How Important is it to avoid nested queries.

I have always learnt to avoid them like a plague. But they are the most natural thing to me. When I am designing a query, the first thing I write is a nested query. Then I convert it to joins, which sometimes takes a lot of time to get right. And rarely gives a big performance improvement (sometimes it does)

So are they really so bad. Is there a way to use nested queries without temp tables and filesort

  • 1
    I would also like to know about this. – IsmailS May 6 '10 at 6:05
  • 1
    I doubt it matter at all performance wise, at least in MS SQL Server. MySQL isn't quite as smart... – Thorarin May 6 '10 at 6:09

It really depends, I had situations where I improved some queries by using subqueries.

The factors that I am aware are:

  • if the subquery uses fields from outer query for comparison or not (correlated or not)
  • if the relation between the outer query and sub query is covered by indexes
  • if there are no usable indexes on the joins and the subquery is not correlated and returns a small result it might be faster to use it
  • i have also run into situations where transforming a query that uses order by into a query that does not use it and than turning it into a simple subquery and sort that improves performance in mysql

Anyway, it is always good to test different variants (with SQL_NO_CACHE please), and turning correlated queries into joins is a good practice.

I would even go so far to call it a very useful practice.

It might be possible that if correlated queries are the first that come to your mind that you are not primarily thinking in terms of set operations, but primarily in terms of procedural operations and when dealing with relational databases it is very useful to fully adopt the set perspective on the data model and transformations on it.

EDIT: Procedural vs Relational
Thinking in terms of set operations vs procedural boils down to equivalence in some set algebra expressions, for example selection on a union is equivalent to union of selections. There is no difference between the two.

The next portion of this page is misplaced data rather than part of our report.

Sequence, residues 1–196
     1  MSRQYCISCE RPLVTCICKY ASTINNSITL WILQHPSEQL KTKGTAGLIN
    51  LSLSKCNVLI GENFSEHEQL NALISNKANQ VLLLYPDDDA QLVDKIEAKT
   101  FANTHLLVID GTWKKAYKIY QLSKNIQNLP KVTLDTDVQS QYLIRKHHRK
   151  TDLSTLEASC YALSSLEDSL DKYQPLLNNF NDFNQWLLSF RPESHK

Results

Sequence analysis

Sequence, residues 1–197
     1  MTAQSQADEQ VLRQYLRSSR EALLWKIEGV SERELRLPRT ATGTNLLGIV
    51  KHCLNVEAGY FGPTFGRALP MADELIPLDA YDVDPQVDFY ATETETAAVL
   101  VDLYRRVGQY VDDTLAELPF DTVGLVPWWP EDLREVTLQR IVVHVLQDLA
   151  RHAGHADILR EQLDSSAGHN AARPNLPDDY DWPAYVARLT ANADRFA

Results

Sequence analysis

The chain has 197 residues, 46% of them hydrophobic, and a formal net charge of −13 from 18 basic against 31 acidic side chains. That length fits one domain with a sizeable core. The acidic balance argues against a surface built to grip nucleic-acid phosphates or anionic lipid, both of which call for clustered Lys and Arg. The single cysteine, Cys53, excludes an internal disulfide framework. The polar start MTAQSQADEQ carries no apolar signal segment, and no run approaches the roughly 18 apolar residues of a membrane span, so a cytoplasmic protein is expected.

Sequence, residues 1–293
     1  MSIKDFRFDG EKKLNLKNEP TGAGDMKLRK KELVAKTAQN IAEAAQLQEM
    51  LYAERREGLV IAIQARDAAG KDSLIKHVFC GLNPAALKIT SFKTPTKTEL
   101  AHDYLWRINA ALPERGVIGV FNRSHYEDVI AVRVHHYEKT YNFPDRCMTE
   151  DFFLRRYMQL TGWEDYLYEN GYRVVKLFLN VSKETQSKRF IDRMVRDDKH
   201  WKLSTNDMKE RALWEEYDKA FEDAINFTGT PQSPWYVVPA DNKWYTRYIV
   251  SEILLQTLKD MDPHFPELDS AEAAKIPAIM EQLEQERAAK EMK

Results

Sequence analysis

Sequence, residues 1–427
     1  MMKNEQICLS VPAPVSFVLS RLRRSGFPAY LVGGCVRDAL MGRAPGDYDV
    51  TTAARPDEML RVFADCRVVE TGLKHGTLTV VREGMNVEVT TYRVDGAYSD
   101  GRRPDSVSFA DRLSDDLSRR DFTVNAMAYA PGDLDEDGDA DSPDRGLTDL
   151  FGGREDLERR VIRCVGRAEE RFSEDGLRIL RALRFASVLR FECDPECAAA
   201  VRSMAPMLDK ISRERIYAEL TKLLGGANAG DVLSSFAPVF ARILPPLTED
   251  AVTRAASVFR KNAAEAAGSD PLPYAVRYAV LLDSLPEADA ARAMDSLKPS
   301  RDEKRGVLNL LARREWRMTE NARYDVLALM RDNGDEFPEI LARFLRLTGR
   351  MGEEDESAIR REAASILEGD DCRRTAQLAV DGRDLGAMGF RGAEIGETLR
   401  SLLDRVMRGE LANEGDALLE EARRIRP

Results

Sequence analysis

But when you compare the two procedures, such as apply the selection criteria to every element of an union with make a union and then apply selection, the two are distinctly different procedures, which might have very different properties (for example utilization of CPU, I/O, memory).

The idea behind relational databases is that you do not try to describe how to get the result (procedure), but only what you want, and that the database management system will decide on the best path (procedure) to fulfil your request. This is why SQL is called 4th generation language (4GL).

One of the tricks that help you do that is to remind yourself that tuples have no inherent order (set elements are unordered). Another is realizing that relational algebra is quite comprehensive and allows translation of requests (requirements) directly to SQL (if semantics of your model represent well the problem space, or in another words if meaning attached to the name of your tables and relationships is done right, or in another words if your database is designed well).

Therefore, you do not have to think how, only what.

In your case, it was just preference over correlated queries, so it might be that I am not telling you anything new, but you emphasized that point, hence the comment.

I think that if you were completely comfortable with all the rules that transform queries from one form into another (rules such as distributiveness) that you would not prefer correlated subqueries (that you would see all forms as equal).

(Note: above discusses theoretical background, important for database design; practically the above concepts deviate - not all equivalent rewrites of a query are necessarily executed as fast, clustered primary keys do make tables have inherit order on disk, etc... but these deviations are only deviations; the fact that not all equivalent queries execute as fast is an imperfection of the actual DBMS and not the concepts behind it)

  • Do you have an example of "thinking in terms of set operations" vs "in terms of procedural operations". – Midhat May 12 '10 at 7:17
  • @Midhat: Commented in the answer (EDIT). Sorry if not what you wanted, were you looking for more practical examples or an explanation such as above? – Unreason May 12 '10 at 8:37
  • thanks. a lot better now – Midhat May 12 '10 at 8:46

I'm not sure how it looks like in MySQL 5.1 or 5.5, but in 5.0.x nested queries have usually horrible performance, because MySQL performs subquery for each row fetched from main query. This probably isn't the case for more mature databases like MsSQL, which internally can rewrite nested queries to joins, but I've never used MsSQL so I don't know for sure.


It is also true that on some occasions, it is not only possible to rewrite a query without a subquery, but it can be more efficient to make use of some of these techniques rather than to use subqueries. - which is rather funny statement, taking into account that for me so far all subqueries make database crawl.

Subqueries vs joins


Personally I prefer to avoid nested queries until they are necessary for the simple reason that nested queries can make the code less human readable and make debugging and collaboration more painful. I think nesting is acceptable if the nested query is something trivial or if temporary storage of large tables becomes an issue. But too many times I've seen complex nested queries within nested queries and it makes debugging painful.

Your Answer

By clicking “Post Your Answer”, you agree to our terms of service, privacy policy and cookie policy

Not the answer you're looking for? Browse other questions tagged or ask your own question.